With over 105 permanent outdoor artworks, Chattanooga has the most public art in the Southeast that you will love to explore. Kat Wright, City of Chattanooga’s Public Art Director invites you to take in 5 notable downtown public art projects. Be on the lookout for more downtown Public Art Chattanooga projects in the works. View the Experience Art Map.
How about a colorful piece of art for the creator in you? With the overwhelmingly positive community response to the original Passageways program, River City Company, tinker ma and PAC presented Passageways 2.0, in a permanent installation focused on the urban fabric that exists between our city’s buildings. Designed and built by the multidisciplinary architecture and design team, SPORTS, “City Thread” is a vibrant pedestrian corridor, which can be adapted to a public event space. Located in Cooper’s Alley, the project physically connects visitors, while also producing a multitude of dynamic conditions including informal lounging/sitting, mini-stages, and movie screenings, among others. The design is intended to allow both users and those in charge of programming activities to interpret the project and discover different ways to utilize the alley as needs change.
Experience 9 different living tributes to the resiliency and vibrancy of the Cherokee culture—and those of other tribes removed from this region during the Trail of Tears by visiting “The Passage.” “The Passage” is a pedestrian link between downtown Chattanooga and the Tennessee River at Ross’ Landing (the city’s original settlement, named for the Cherokee Chief John Ross). The project is among the nation’s largest public art projects celebrating Cherokee history and culture created by Team Gadugi of Oklahoma, as part of an overall effort to redevelop the Chattanooga riverfront.
“Walnut” by Rondell Crier was selected into PAC’s 6th Biennial Sculpture exhibition in 2014. The Biennial Sculpture exhibition began in 2005 and through this rotating program, artworks were placed on the riverfront adjacent to the Tennessee Aquarium, First Street, and the Chattanooga Green. The Biennial Sculpture Exhibition continued through 2018 and is widely recognized as contributing to the growth of the City’s permanent art collection; as some works, such as “Walnut” became part of the permanent outdoor collection through private donations. The sculpture remains in Renaissance Park.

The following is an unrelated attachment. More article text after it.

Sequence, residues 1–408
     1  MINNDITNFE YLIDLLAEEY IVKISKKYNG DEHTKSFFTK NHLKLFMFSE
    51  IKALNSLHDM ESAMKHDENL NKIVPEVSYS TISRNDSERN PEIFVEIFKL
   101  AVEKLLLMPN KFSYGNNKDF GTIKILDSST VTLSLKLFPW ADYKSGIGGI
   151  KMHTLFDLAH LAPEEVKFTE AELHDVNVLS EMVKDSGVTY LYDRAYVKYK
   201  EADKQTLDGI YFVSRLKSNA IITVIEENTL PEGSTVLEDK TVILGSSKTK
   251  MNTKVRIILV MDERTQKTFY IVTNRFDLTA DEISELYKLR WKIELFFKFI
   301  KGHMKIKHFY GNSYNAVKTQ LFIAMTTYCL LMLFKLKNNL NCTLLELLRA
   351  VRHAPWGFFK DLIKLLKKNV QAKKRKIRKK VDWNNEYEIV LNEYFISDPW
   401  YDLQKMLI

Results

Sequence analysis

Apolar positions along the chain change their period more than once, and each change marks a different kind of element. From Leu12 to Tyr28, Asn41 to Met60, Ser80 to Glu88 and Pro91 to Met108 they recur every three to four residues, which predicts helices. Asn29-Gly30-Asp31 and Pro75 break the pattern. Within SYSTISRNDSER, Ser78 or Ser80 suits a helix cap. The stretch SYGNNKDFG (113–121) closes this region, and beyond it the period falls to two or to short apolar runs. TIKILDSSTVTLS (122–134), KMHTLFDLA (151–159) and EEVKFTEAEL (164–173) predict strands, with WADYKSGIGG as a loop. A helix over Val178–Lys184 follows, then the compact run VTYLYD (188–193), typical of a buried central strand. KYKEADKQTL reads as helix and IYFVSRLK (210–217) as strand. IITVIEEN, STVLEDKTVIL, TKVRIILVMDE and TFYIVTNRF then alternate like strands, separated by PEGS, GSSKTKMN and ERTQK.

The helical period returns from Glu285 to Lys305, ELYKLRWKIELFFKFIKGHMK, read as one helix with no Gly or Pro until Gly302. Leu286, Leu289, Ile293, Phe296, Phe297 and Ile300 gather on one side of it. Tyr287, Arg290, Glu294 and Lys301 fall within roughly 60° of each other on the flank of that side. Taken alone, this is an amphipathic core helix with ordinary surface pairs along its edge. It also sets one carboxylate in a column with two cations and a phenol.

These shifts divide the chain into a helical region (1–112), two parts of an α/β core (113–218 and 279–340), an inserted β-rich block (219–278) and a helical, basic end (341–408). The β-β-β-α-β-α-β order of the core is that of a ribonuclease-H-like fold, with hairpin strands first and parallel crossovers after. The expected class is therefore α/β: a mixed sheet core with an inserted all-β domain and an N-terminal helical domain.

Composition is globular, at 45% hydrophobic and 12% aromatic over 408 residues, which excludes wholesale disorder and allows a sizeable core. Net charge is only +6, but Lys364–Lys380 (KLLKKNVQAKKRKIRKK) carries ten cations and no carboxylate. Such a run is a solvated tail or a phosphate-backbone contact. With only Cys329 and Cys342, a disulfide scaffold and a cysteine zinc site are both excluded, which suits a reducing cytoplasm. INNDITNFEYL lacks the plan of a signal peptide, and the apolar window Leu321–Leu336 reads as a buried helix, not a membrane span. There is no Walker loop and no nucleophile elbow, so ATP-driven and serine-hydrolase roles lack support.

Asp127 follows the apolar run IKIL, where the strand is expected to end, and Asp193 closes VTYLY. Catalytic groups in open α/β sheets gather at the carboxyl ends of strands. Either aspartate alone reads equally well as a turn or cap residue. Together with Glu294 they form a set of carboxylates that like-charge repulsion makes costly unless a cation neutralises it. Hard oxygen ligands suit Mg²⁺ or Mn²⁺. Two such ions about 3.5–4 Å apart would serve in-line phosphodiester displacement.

M.L. KING DISTRICT
WE WILL NOT BE SATISFIED UNTIL
Take time to appreciate the rich culture and history with the mural Inspired by Dr. Martin Luther King Jr.’s “I Have A Dream” speech, which also provided the work’s title. The 42,000 square-foot mural on the AT&T building by the Bessie Smith Cultural Center depicts the past, present and future vision for the City’s M.L. King District by Meg Saligman Studios. Everyone depicted in the work is a Chattanoogan photographed by the artists, which also included 6 local artists on the team. It is among the largest murals in the Southeast and the first to wrap a city block.
Do you love to interact with art? Checkout the vacant 1.72-acre tract of land in Chattanooga’s Southside that was transformed into a completely unique urban art fitness park led by Thomas Sayre. Located near The Chattanoogan hotel, the installation seeks to generate synergy between art, placemaking and active living. “Main Terrain” features sculptural elements reminiscent of the Walnut Street Bridge mounted on a movable track allowing for park-goers to physically interact with the artwork. In addition to serving as an active park, the environmentally-friendly space functions as a site for City stormwater management.
Experience Art Map
Explore the Experience Art Map to see even more and create your own public art walking tour.
The original version of this article first appeared in a previous edition of our Magazine.